Outstanding or Overbearing
Engaging with the LGBTQ+ Community during Pride Month
It was the peak of Pride, the day of the Providence parade—a day I should have gotten to live my best and most authentic life. I parked at the mall to avoid paid parking and cut through the building to get to the celebration. I was looking forward to a day of parades, drag performers, pageants, and free goodies, not to mention seeing talented queer folks to perform while their audience exudes acceptance, love, and encouragement. I decided to stop at a store to grab a reusable water bottle – Pride can get extra warm. After looking for only about a minute, a store manager walked up to my friend and I and told us to leave. After a puzzled look, I said, “excuse me?” Maybe I had misheard. They then informed us, after glancing down at our rainbow outfits, that we didn’t belong in the store and that we should take our leave. Rushing through the mall trying to get outside, somebody spit at me and called me a derogatory slur.
Sounds like a nightmare from the last century, huh? If only.
– – –
This happened in 2019—the last time Pride celebrations took place in person. I am telling this story to remind us how important it is to talk about Pride and the LGBTQ+ community. Stigma builds in silence – so we need to be vocal about our support.
June, the month of Pride, has become a huge commercial campaign for many brands, but do they embody the purpose of the celebration? Pride started as a protest, and advancing queer civil rights – especially for communities of color – remains at its core. While some brands show their support well, others paint the town rainbow for all of the wrong reasons. When brands aren’t delivering well on their Pride messaging, it’s often a case of overdelivering or underdelivering.
Brands love to do the most for Pride, but just decking a brand out in rainbows can create more noise than signal. Changing the color of logos doesn’t add any value or action to a brand’s statements; if the brand isn’t supporting the LGBTQ+ community year-round, they know that it’s a publicity stunt Corporate celebration can also drown out LGBTQ+ voices and the voices of allies. While a rainbow is a fun, colorful, and bright representation, it loses meaning when it’s splashed over everything without any meaningful accompanying messages. The color becomes just that – a color.
As a queer person, I can see through a rainbow logo. Such statements of support are fine but must be backed up with action. You don’t have to send your board members to a protest march (even though that is greatly appreciated); businesses can donate or fundraise for charities supporting LGBTQ+ people in need. Countless LGBTQ+ folks are experiencing homelessness, poverty, illnesses, unemployment, and other hardships. Don’t stop in July, either; when a brand starts talking about LGBTQ+ rights, continued action and advocacy is expected throughout the entire year.
Another common misstep is to tokenize LGBTQ+ staff by forcing them into the spotlight during Pride month. Coming out is something that people do to express themselves authentically. There should be no inherent expectation to speak on behalf of the entire community.
While inadvertently take away from the meaning of Pride while going over the top, others ignore it entirely. When brands ranging from banks to fast food chains make a point of celebrating pride, silence can seem intentional. The queer community and it allies are a powerful and growing market – you don’t want to alienate them. Finding the right balance between celebration and appropriation can be daunting, but that shouldn’t scare you away from acknowledging Pride. Any brand can tap into the joy and energy of the celebration and create meaningful communications—as long as you start with genuine community engagement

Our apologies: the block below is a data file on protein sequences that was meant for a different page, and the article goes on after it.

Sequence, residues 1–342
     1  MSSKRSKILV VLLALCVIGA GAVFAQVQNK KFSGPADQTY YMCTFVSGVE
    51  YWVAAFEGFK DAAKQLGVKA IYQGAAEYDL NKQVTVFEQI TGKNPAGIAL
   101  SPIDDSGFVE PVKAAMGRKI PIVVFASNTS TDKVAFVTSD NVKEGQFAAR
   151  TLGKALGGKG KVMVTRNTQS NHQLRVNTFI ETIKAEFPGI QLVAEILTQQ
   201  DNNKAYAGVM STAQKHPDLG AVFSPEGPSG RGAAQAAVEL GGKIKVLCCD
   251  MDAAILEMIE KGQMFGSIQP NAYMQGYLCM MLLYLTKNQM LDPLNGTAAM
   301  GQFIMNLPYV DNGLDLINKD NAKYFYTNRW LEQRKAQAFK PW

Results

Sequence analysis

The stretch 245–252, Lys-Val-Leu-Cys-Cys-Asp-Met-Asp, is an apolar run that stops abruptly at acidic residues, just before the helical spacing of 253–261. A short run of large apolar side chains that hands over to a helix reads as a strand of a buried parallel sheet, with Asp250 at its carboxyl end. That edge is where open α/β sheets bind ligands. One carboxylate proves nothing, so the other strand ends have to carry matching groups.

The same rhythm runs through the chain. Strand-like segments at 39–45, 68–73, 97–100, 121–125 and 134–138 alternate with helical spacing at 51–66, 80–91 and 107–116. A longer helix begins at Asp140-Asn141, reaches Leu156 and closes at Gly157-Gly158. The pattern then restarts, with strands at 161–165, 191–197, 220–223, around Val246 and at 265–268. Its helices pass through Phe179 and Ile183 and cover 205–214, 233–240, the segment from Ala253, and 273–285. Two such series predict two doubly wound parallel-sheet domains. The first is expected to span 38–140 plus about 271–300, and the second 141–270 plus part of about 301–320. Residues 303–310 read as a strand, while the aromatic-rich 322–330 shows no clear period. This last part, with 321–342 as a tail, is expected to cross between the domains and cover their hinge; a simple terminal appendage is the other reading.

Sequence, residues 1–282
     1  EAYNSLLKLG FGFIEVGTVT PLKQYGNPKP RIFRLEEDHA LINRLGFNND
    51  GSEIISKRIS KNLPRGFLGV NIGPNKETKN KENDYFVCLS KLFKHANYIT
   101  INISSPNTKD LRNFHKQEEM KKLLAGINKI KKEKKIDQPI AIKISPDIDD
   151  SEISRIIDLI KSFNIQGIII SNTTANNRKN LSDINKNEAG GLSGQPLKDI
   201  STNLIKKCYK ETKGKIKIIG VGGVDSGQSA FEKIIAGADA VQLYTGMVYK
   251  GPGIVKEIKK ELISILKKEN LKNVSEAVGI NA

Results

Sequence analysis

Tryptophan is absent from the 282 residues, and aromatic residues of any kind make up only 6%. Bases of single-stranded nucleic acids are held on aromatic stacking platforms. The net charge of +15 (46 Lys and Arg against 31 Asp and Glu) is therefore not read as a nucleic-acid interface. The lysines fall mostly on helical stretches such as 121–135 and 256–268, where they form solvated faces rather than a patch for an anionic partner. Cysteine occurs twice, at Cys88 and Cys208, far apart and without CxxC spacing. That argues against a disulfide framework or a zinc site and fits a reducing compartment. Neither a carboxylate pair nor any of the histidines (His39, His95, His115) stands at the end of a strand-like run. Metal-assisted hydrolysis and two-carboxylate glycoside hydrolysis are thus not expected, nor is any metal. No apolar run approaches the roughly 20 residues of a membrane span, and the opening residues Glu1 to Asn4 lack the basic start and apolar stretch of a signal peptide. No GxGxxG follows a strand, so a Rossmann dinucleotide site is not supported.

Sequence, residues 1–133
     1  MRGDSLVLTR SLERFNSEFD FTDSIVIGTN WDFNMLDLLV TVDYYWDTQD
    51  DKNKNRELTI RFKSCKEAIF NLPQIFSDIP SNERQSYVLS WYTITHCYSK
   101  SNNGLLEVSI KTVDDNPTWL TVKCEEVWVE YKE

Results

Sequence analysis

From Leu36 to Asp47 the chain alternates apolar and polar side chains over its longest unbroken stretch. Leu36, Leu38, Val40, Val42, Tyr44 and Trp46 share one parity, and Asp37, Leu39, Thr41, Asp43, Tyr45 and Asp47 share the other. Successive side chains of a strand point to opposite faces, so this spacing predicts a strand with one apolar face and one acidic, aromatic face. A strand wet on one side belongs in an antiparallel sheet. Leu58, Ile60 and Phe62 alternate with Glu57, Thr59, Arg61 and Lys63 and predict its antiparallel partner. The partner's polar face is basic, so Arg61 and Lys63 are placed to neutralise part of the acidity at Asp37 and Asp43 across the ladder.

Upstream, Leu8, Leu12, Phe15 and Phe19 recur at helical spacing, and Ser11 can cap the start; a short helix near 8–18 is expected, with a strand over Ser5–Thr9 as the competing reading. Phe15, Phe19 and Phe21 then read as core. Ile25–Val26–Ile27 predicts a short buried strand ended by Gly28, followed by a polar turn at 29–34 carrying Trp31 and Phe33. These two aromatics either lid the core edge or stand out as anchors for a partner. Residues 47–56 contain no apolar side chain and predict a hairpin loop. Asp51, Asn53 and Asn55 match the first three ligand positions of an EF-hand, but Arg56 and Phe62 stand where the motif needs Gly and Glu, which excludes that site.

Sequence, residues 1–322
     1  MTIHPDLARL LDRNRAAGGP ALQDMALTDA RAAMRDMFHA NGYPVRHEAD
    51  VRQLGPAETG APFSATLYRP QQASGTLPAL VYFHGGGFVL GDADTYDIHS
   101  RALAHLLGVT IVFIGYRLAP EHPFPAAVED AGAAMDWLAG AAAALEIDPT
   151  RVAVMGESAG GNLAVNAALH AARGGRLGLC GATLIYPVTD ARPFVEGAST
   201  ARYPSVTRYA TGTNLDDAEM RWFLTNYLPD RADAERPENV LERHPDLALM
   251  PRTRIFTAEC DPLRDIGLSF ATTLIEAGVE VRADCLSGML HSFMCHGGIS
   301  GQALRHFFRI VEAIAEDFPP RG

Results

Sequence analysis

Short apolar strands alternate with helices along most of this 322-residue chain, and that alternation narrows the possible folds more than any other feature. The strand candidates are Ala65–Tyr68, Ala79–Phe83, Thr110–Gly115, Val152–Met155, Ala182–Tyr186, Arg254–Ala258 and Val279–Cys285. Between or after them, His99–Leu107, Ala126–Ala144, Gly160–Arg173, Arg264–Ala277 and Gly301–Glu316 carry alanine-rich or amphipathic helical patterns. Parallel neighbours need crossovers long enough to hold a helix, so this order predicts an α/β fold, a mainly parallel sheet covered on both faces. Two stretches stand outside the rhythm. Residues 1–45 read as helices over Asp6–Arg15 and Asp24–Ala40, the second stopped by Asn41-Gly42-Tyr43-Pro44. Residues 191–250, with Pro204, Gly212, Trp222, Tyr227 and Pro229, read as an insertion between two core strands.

Engaging with the Queer Community
Make sure those crafting your organization’s messaging for Pride are well versed in queer culture. If your communications team isn’t already immersed in the community, there are hundreds of LGBTQ+ films, television shows, books, and other readings to use as research.
Prioritize actual LGBTQ+ voices when drafting your communications. The last thing LGBTQ+ people want to hear during Pride is someone straight-splaining their culture. Let the lived experiences, identity, and culture of queer folks (who are interested in and paid for doing this work rather than co-opted from their normal roles during Pride) be your guide. Use ideas and resources posted online by queer folks, properly attributing and compensating the sources. By gaining insight from multiple sources, you can empathize with the broader community.
If your brand’s leadership doesn’t have any representation from the LGBTQ+ community, you can still be an ally! Allies are people who don’t identify as part of the LGBTQ+ community but work alongside them to support queer rights and social justice. Brands can be allies to the queer community by using their voice to do more than just sell a product. Amplifying the voices of the LGBTQ+ people who are being drowned out and silenced is a great way to show your audience that you genuinely care and want to be a part of the solution. Corporate allies need to be open, honest, informed, and passionate. Becoming an ally publicly can also inspire others brands take more action or to ask you questions if they do not understand. Homophobia, transphobia, and other acts of discrimination against queer people is still a prevalent societal issue. Let’s come together and make a more colorful, bright, and open-minded world together.